Contemporary ultraintense, short-pulse laser systems provide extremely compact setups for the production of high-flux neutron beams, such as required for nondestructive probing of dense matter or research on neutron-induced damage in fusion devices. Here, by coupling particle-in-cell and Monte Carlo numerical simulations, we examine possible strategies to optimize neutron sources from ion-induced nuclear reactions using 1-PW, 20-fs-class laser systems such as the recently commissioned Apollon laser . To improve ion acceleration, the laser-irradiated targets are chosen to be ultrathin solid foils, either standing alone or preceded by a near-critical-density plasma to enhance the laser focusing.
We compare the performance of these single- and double-layer targets, and determine their optimum parameters in terms of energy and angular spectra of the accelerated ions. These are then sent into a converter to generate neutrons, either traditionally through (p,n) reactions in beryllium or through spallation in lead. Overall, we identify configurations that result in a neutron yield as high as 109 n sr-1 and an instantaneous neutron flux above 1023 n cm-2s-1. Considering a realistic repetition rate of one laser shot per minute, the corresponding time-averaged neutron flux is predicted to reach record values of 7×106 n sr-1s-1, even with a simple thin foil as a primary target. A further boost up to above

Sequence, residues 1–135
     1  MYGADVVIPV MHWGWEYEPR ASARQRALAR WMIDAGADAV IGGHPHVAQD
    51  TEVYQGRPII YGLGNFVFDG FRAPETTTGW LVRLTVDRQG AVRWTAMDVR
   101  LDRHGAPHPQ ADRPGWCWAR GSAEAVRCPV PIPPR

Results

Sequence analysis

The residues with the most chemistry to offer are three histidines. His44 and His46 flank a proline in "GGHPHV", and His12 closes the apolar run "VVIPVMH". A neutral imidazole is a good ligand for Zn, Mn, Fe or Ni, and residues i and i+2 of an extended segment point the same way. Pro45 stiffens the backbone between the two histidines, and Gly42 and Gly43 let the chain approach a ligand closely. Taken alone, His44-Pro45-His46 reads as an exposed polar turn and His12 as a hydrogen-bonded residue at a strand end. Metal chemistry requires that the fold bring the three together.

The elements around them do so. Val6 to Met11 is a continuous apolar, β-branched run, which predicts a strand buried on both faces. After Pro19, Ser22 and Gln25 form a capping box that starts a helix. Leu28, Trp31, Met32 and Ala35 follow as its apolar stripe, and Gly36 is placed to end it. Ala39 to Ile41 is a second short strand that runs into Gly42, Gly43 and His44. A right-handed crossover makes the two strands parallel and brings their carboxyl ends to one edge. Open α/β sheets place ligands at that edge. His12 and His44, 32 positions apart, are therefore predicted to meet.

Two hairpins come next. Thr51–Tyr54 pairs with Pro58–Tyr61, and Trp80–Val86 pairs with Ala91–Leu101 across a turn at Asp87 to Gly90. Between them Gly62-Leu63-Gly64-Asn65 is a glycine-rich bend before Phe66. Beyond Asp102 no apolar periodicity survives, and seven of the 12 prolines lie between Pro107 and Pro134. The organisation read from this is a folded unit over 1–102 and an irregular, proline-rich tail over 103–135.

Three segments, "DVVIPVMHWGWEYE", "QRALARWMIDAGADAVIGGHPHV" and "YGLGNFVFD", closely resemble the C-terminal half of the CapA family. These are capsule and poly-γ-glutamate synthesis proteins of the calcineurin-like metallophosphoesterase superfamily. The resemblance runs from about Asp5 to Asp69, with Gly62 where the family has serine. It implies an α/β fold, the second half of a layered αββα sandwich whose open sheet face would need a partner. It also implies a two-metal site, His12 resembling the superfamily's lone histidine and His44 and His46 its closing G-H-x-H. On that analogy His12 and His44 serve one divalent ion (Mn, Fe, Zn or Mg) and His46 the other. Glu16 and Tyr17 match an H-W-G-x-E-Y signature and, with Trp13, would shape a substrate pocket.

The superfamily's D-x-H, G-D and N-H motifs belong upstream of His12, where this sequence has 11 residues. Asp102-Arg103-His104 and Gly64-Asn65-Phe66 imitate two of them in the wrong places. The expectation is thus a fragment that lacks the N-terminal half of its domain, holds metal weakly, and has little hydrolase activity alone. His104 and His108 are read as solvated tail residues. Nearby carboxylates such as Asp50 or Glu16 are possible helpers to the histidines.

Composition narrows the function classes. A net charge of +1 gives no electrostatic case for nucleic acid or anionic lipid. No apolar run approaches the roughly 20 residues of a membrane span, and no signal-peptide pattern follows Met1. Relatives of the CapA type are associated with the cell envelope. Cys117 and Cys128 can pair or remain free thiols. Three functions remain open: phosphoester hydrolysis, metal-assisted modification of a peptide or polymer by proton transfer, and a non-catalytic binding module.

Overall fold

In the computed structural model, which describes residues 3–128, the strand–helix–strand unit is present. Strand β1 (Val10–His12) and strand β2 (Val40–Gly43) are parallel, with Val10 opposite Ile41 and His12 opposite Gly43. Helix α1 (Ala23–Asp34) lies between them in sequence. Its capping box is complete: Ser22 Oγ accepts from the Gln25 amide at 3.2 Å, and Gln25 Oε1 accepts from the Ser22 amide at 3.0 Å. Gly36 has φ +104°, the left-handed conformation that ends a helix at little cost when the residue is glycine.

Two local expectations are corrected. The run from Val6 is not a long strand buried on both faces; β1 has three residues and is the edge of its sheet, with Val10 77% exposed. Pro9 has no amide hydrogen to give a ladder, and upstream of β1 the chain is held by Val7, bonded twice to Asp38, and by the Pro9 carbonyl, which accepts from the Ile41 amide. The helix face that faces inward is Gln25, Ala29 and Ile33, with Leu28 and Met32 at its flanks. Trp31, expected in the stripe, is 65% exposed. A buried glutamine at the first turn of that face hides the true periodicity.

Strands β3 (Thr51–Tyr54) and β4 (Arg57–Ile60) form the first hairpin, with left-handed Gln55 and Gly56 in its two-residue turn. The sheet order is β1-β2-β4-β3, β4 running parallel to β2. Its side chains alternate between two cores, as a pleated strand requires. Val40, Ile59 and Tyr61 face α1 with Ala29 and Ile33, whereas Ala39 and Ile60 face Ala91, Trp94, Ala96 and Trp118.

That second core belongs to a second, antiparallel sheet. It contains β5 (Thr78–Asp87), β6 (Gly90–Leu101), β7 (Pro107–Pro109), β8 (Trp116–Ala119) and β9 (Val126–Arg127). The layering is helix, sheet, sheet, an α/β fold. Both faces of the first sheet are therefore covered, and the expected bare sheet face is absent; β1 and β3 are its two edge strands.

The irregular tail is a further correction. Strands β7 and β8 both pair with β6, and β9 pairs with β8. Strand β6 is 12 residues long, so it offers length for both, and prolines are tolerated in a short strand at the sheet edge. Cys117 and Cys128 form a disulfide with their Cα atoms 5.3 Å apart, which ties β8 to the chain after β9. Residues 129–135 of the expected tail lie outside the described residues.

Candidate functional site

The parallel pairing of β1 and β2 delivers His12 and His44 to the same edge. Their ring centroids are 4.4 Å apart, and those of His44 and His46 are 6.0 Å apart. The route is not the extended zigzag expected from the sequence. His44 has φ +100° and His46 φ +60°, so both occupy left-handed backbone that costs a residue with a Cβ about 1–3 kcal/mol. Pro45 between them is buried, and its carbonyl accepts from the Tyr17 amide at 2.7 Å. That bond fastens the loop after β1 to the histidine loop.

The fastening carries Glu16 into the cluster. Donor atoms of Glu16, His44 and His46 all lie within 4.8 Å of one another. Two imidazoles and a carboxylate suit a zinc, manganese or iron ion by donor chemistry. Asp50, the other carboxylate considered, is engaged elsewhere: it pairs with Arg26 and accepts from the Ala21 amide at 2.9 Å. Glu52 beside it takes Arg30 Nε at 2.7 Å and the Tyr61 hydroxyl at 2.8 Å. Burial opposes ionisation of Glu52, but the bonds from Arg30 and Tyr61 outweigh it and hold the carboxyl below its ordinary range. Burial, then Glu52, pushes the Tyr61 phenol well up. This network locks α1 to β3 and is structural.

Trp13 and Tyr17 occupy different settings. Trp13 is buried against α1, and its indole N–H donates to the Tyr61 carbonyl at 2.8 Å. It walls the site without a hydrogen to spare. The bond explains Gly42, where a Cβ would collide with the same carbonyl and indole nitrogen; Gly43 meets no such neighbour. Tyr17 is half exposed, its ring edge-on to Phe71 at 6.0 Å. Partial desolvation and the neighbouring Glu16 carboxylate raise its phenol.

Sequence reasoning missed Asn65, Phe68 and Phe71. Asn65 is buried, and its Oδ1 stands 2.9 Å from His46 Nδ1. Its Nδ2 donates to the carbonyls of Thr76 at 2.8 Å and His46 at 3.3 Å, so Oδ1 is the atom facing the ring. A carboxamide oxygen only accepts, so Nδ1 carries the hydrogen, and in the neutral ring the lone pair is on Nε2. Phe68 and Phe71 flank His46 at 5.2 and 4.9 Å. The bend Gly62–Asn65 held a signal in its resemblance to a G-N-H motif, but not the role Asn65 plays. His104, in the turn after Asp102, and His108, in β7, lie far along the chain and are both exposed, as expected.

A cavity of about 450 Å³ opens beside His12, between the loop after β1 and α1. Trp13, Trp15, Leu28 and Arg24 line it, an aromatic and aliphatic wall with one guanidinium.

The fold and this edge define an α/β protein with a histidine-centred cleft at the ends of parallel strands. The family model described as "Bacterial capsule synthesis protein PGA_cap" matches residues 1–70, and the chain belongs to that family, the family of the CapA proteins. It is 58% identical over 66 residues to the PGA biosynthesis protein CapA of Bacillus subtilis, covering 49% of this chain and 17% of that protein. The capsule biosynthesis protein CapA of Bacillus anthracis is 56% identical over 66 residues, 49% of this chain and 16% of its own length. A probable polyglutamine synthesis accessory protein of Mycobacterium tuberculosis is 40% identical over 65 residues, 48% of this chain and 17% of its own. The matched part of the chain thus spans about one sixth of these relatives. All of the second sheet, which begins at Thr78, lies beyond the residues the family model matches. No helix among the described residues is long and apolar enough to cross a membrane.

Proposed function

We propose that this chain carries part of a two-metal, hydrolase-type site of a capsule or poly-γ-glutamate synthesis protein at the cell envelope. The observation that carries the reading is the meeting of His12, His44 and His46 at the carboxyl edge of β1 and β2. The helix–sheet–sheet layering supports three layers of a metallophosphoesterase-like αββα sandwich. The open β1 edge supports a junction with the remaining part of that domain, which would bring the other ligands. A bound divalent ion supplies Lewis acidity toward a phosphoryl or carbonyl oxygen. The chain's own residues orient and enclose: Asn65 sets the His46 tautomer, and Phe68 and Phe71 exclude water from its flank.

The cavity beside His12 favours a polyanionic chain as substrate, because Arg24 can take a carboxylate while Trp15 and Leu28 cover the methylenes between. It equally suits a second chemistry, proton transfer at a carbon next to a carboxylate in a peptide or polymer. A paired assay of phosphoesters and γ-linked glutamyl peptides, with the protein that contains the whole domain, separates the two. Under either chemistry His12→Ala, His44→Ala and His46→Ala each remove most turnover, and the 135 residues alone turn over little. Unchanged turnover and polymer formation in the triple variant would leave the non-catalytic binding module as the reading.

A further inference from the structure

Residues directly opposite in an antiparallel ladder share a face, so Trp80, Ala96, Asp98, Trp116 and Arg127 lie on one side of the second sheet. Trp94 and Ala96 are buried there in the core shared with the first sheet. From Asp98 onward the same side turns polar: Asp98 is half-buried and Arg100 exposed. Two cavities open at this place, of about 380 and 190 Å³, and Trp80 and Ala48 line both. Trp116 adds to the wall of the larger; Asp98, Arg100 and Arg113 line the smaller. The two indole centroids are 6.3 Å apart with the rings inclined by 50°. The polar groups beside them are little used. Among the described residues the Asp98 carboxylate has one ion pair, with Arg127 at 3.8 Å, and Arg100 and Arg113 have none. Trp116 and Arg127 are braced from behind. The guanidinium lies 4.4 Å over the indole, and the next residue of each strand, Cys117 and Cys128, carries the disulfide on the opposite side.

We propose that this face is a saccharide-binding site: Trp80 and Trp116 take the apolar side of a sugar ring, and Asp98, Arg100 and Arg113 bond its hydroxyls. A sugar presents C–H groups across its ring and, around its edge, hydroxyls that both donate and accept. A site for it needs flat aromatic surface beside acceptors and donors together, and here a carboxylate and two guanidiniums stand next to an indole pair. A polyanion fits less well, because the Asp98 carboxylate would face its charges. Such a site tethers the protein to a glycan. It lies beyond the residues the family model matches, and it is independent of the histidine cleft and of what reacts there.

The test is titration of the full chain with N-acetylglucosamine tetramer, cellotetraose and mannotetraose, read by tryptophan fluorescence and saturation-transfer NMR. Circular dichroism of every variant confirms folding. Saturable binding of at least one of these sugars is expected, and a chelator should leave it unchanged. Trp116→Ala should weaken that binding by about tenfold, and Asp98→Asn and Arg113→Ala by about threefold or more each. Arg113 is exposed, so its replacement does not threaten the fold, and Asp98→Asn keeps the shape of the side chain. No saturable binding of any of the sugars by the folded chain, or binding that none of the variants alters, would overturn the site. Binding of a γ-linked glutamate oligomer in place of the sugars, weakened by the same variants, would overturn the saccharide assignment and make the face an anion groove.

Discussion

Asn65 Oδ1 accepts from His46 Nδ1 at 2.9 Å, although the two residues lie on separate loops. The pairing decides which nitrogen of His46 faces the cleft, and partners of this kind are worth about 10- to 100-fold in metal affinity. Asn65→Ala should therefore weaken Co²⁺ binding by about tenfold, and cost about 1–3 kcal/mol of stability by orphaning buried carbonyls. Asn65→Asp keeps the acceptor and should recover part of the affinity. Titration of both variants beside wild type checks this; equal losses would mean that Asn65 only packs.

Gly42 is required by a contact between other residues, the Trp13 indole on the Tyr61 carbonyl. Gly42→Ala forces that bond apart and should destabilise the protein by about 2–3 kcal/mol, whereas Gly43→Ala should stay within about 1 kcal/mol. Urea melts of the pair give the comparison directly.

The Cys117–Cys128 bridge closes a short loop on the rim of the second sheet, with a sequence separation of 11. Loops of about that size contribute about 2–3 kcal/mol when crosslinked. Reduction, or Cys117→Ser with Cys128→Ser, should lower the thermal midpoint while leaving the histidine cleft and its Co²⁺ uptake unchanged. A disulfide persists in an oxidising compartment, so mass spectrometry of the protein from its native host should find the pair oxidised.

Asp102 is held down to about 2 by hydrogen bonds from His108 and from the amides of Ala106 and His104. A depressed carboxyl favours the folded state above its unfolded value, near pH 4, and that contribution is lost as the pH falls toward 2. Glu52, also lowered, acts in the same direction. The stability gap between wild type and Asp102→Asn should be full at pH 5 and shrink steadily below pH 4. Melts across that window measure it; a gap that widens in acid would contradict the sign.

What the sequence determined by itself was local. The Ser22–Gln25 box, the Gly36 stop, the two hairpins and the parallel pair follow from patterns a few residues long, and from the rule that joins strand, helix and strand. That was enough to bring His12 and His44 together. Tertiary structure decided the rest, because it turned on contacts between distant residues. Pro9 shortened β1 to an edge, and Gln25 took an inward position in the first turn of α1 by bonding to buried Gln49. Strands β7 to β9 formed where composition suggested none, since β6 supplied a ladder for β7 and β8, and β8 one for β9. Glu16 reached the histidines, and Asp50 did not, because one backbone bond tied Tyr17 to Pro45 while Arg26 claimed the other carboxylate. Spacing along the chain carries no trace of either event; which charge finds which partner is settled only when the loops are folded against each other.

5×107 sr-1s-1 is foreseen using double-layer targets with a deuterated solid substrate. Our results draw a pathway for improvement at upcoming 10~PW lasers in which case neutron generation will be more strongly dominated by spallation .
 K. Burdonov et al., Matter Radiation at Extremes 6, 064402 (2021).
 B. Martinez et al., Matter Radiation at Extremes 7, 024401 (2022).